It’s common in the murkier realms of the web, to claim that ‘there are no girls on the internet.’ It’s an unpleasant meme that is used to celebrate the fact that everyone on the internet is presumed to be male, because women in real life have the unfair advantage of being desired, purely for being women. So, to bring attention to the fact that you are a woman is to state that you desire this advantage once again, and all the male attention that comes with it – so it is right that you are shamed for this audacity, or, at least, so runs the “logic.”
You see it everywhere, from online communities to Twitter, Facebook and Instagram. Two recent examples are entirely representative of the trend. On one popular online forum, when a particular woman uploaded a photo of herself with a baby owl on her shoulder to a social networking website, she happened to be wearing a vest – and so the moral arbiters of the internet swooped in immediately to castigate her for attention seeking, choosing rather to comment on the indecency of her having breasts than on the cute feathery ball nestled up on her shoulder. A moment later, a man shared a photo of Jennifer Lawrence in a low cut top, the comments all remarked on how perfect her body is.
It seems that women are condemned to be ashamed of their appearance and envious of others, while men are left sharing pictures of women to ogle and creep on amongst themselves. Not even necessarily just men, women are complicit too.
Anthropologist Claude Levi-Strauss had a theory about marriage, whereby women are traditionally exchanged between two families in order to cement social bonds between the men of those families. Feminism has (mostly) put paid to that kind of patriarchal nonsense, but what if men trading photos of women between themselves to strengthen their various bromances is just the latest incarnation of that?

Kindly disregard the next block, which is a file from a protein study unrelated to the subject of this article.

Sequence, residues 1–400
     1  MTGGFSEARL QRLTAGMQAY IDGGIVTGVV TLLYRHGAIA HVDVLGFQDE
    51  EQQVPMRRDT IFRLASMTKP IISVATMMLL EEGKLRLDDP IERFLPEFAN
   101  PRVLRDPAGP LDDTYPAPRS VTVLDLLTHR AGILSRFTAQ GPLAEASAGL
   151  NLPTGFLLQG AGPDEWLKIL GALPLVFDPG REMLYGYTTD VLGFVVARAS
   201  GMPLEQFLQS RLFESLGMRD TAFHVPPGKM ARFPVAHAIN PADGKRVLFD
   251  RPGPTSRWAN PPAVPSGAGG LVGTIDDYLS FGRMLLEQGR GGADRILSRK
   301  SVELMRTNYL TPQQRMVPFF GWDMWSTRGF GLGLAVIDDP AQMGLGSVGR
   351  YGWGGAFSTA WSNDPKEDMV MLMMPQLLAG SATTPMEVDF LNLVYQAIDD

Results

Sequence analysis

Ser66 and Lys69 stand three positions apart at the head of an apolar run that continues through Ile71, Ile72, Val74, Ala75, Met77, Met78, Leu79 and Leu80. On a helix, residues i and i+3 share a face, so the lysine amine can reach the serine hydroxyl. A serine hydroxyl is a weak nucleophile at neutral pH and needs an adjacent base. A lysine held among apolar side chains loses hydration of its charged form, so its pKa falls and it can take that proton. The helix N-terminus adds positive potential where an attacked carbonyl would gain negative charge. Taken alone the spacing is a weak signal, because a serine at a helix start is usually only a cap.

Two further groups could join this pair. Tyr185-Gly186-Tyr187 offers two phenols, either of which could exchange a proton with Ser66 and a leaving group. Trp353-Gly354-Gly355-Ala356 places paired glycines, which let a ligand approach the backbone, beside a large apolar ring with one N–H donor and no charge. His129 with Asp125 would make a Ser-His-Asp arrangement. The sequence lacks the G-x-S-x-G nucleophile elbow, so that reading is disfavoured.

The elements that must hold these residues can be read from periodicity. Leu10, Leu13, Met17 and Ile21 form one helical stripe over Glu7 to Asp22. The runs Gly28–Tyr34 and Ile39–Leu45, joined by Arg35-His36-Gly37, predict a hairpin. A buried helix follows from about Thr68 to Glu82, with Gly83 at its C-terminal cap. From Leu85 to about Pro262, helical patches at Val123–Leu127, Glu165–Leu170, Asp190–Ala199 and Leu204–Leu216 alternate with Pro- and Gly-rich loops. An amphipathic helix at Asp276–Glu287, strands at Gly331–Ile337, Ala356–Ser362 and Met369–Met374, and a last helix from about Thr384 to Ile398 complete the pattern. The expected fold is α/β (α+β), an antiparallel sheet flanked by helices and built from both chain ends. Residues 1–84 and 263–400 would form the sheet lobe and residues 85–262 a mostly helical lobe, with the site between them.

It’s all part of a culture that demands that women are gazed at without confrontation, where women’s bodies are there for the sole purpose of being leered over by men. It explains, in part, why selfies are so often derided – a list of the most popular selfies of 2013 mocks women’s self-indulgence, and celebrates men’s achievements. A woman framing how she chooses to be seen poses an implicit threat to this natural order, and must be mocked, or stopped.
This naturally comes into play when referring to explicit photos of women. A woman who posts a photo of herself is a slut, a whore, or any other of those hideous terms designed to keep women in their place; a man who shares photos of his girlfriend or his ex-girlfriend is a hero. When the so-called king of revenge porn was finally brought to justice just before Christmas, it wasn’t for humiliating women, by publishing private candid shots in a public forum, it was for extorting money. His main crime in the eyes of the law was a financial one. Even though his website was reprehensible, at the end of the day, revenge porn is just the most extreme form of a mindset in which we are all complicit.
A petition has been created by a student at the University of York to ban Revenge Porn. It will prove difficult to legislate against when we still find it acceptable to continue to trade in pictures of women, even without malice.